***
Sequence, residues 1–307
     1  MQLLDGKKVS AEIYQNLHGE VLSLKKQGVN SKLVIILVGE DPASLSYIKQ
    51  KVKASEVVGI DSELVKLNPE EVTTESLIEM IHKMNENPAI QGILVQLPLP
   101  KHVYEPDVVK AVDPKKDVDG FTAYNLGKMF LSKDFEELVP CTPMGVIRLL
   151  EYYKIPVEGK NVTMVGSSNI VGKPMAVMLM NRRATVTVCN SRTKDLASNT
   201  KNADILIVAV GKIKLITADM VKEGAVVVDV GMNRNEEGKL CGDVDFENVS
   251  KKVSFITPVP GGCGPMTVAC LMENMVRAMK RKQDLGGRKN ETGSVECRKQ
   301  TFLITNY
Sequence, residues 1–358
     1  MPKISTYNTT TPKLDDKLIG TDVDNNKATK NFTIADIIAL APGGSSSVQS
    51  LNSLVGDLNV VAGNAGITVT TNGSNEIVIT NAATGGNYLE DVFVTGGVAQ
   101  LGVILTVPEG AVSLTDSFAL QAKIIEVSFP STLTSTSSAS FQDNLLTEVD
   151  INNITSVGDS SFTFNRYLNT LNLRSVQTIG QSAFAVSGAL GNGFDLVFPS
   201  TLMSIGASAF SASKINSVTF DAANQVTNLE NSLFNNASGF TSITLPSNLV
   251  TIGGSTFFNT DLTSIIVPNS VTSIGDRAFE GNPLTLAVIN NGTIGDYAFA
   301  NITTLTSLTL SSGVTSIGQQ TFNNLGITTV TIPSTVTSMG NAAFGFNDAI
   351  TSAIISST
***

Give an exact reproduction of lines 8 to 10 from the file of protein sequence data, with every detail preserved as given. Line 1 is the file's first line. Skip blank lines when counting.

   301  TFLITNY
Sequence, residues 1–358
     1  MPKISTYNTT TPKLDDKLIG TDVDNNKATK NFTIADIIAL APGGSSSVQS